----- Original Message -----
From: "Byron A Jeff" <@spam@byronKILLspamspamCC.GATECH.EDU>

[big clip]

> * People generally use what they learn early. Since the 16F84 is device of

This, in my mind, is the biggest downside of teaching the F84.  I don't know
why it is, but people seem to develop an emotional attachment to computers,
whether it is an old S-100 CP/M machine, or a microcontroller.  It seems
like you need to get a half dozen different machines under your belt before
you can take them for what they are worth.

I've tried to combat that by describing some of the differences between
other parts, framing the ICSP section as a way to program other, more
capable parts, and in the lesson currently under development, I am speaking
largely from the perespective of the 8K parts, because the PCLATH register
really doesn't make a lot of sense except in the context of these larger
chips.

Many of the students have little exposure to programming at all, and even
less to a RISC microcontroller.  While some are already producing very
exciting projects on their own, others are really struggling. I still think,
on balance, reducing the complexity when they are first learning outweighs
the advantages of using a more capable part right off.

72/73 de WB8RCR    http://www.qsl.net/wb8rcr
didileydadidah     QRP-L #1446 Code Warriors #35

--
http://www.piclist.com hint: The list server can filter out subtopics
(like ads or off topics) for you. See http://www.piclist.com/#topics

2004\06\06@152533 by Matthew Brush

flavicon
face
> This could be the start of a great thread.  What sorts of projects have
> people here done that are primarily for fun?

I'm working on:
- Remote data logger
- Keyboard Video Mouse Switch
- A PIC video card (MDA) for an old Green Screen Data Terminal (not RS232)
- A climate/environmental control dealy for my terrarium
- A PIC Programmer/Bootloader thingy
- Frequency Counter
- Telephone Interface

None of these are 100% done, but some are close.  Then I have some analog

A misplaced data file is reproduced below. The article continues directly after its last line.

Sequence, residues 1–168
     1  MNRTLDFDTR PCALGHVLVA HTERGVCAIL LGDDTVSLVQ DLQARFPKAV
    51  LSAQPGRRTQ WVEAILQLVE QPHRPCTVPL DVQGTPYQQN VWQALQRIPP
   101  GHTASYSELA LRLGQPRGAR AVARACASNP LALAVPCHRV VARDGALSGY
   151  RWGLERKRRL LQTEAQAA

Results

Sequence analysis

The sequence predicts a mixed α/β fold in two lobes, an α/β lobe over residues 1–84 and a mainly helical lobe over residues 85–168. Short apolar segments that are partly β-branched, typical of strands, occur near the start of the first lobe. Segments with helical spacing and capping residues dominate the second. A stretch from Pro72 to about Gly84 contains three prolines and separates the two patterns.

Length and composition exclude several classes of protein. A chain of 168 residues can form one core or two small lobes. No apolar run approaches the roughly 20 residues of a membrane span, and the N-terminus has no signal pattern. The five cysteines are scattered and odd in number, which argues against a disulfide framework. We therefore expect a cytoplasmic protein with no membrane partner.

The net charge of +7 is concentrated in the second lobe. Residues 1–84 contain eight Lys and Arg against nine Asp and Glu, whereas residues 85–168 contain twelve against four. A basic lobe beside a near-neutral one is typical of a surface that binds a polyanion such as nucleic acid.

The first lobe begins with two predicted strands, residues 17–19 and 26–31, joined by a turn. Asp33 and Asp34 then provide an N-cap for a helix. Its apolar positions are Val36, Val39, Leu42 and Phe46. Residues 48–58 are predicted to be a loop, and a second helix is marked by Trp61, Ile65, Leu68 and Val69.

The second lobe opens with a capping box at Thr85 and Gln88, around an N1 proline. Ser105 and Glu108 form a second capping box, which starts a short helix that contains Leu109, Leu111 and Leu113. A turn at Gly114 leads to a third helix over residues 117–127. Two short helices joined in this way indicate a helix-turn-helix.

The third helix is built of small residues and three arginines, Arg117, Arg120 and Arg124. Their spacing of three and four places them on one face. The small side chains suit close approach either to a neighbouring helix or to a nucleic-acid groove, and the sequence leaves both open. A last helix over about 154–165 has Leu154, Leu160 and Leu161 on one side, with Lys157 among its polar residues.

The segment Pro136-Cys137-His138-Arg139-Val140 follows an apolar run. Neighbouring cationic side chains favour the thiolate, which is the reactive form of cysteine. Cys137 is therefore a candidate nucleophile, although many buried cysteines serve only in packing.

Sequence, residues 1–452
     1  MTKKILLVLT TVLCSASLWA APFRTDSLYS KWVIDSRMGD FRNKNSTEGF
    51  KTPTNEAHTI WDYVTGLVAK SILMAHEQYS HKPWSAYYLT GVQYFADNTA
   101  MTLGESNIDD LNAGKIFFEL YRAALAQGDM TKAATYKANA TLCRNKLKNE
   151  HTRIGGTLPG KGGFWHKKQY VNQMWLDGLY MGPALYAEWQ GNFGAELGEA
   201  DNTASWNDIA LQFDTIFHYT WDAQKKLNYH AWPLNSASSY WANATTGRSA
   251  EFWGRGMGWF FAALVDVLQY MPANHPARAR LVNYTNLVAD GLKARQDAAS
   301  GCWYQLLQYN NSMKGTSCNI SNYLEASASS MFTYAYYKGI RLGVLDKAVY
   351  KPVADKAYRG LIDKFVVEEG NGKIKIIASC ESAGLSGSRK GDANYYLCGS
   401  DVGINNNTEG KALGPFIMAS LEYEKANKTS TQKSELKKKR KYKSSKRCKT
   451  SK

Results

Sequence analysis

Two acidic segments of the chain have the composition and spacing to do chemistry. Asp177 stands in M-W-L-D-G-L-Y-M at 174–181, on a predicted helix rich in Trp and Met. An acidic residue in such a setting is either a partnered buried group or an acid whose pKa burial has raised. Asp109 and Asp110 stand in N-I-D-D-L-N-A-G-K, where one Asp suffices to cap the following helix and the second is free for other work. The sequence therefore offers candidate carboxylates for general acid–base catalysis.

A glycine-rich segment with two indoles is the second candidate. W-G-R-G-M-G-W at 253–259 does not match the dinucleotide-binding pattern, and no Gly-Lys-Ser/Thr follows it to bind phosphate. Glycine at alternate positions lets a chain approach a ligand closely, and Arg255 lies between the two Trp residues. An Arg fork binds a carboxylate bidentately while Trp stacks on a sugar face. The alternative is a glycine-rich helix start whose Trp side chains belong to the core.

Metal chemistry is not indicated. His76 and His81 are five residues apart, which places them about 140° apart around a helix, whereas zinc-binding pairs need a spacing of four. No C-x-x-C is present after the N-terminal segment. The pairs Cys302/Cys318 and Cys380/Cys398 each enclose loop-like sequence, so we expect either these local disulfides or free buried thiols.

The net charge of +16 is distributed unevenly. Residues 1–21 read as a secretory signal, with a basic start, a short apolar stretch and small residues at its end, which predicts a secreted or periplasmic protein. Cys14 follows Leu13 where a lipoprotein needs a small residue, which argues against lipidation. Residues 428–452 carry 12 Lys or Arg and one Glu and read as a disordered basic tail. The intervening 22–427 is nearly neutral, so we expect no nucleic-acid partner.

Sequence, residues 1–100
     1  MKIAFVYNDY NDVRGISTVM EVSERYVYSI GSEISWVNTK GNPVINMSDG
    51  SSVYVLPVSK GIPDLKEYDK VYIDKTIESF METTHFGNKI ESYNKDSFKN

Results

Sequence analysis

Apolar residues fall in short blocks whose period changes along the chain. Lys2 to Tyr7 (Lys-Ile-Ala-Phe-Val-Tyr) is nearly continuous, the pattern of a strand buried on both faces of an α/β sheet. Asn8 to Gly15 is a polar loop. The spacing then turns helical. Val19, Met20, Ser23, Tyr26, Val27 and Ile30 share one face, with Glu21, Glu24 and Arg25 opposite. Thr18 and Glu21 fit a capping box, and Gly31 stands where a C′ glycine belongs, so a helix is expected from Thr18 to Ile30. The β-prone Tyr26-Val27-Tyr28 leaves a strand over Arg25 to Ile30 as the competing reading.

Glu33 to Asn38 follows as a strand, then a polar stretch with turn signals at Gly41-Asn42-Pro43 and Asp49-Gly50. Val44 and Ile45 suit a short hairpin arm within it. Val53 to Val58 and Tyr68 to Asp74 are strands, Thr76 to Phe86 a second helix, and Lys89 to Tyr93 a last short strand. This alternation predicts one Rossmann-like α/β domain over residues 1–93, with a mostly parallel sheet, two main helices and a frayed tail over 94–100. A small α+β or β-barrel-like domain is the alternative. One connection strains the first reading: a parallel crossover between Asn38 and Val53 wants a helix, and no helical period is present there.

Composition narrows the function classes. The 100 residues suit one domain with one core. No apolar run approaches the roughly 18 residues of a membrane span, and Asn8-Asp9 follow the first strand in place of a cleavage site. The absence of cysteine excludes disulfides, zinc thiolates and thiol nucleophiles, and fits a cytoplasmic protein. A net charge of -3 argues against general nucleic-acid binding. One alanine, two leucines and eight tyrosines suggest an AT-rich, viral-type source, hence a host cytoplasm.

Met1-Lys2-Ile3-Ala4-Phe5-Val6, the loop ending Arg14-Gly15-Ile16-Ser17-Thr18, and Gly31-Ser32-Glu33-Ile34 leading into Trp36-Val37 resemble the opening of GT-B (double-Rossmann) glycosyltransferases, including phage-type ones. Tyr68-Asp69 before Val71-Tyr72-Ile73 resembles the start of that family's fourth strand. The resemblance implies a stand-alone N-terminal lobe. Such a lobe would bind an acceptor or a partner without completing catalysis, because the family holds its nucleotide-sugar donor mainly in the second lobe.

stuff in the works too.

Peace

MJ Brush

--
http://www.piclist.com hint: The list server can filter out subtopics
(like ads or off topics) for you. See http://www.piclist.com/#topics

2004\06\06@223709 by Herbert Graf

picon face
>- Telephone Interface

Hmm, any chance you can post details about this project? I'm beginning a
similar project and could use a jumpstart. Thanks, TTYL

--
http://www.piclist.com hint: The list server can filter out subtopics
(like ads or off topics) for you. See http://www.piclist.com/#topics

2004\06\07@051338 by hilip Stortz

picon face
something i've always wanted, and will eventually do, is an ordinary
digital alarm clock, but one with a keypad for setting time and alarm
time!  i.e. just key in "7:45am" instead of the stupid forward backward
or worse yet just forward counting buttons which i've always considered
stupid and a pain.  i've even seen clock/calculator combinations that
still make you do things the hard way when they already have the
keyboard available!  it might even be nice to be able to set a
"relative" alarm, i.e. set it for now + the time period keyed in so you
could easily nap for "x" amount of time, when you are too tired to do
math well.

Jason S wrote:
>
> This is always the hard part for me; coming up with fun and interesting
> projects.
--------

--
http://www.piclist.com hint: The PICList is archived three different
ways.  See http://www.piclist.com/#archives for details.

2004\06\07@054529 by Matthew Brush

flavicon
face
I plan on eventually making an alarm like this (sans the keypad idea) and I
plan on using an RTC from Dallas (pretty much the same as in a PC, maybe
exatcly: DS1887 i think).  It would be ideal IMHO to use a similar RTC